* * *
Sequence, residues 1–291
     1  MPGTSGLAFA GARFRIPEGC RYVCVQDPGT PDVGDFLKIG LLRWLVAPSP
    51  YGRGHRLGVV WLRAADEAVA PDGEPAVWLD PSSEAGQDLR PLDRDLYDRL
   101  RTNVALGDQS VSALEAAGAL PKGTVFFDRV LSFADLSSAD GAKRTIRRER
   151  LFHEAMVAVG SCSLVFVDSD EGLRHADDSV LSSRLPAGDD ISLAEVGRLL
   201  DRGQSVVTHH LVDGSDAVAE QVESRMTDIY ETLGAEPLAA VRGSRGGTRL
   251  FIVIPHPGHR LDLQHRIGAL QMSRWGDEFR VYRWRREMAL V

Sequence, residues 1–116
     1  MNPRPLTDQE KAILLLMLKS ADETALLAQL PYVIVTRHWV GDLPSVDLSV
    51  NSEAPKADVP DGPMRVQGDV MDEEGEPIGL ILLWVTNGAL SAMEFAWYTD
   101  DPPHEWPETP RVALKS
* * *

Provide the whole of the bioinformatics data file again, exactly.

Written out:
Sequence, residues 1–291
     1  MPGTSGLAFA GARFRIPEGC RYVCVQDPGT PDVGDFLKIG LLRWLVAPSP
    51  YGRGHRLGVV WLRAADEAVA PDGEPAVWLD PSSEAGQDLR PLDRDLYDRL
   101  RTNVALGDQS VSALEAAGAL PKGTVFFDRV LSFADLSSAD GAKRTIRRER
   151  LFHEAMVAVG SCSLVFVDSD EGLRHADDSV LSSRLPAGDD ISLAEVGRLL
   201  DRGQSVVTHH LVDGSDAVAE QVESRMTDIY ETLGAEPLAA VRGSRGGTRL
   251  FIVIPHPGHR LDLQHRIGAL QMSRWGDEFR VYRWRREMAL V

Sequence, residues 1–116
     1  MNPRPLTDQE KAILLLMLKS ADETALLAQL PYVIVTRHWV GDLPSVDLSV
    51  NSEAPKADVP DGPMRVQGDV MDEEGEPIGL ILLWVTNGAL SAMEFAWYTD
   101  DPPHEWPETP RVALKS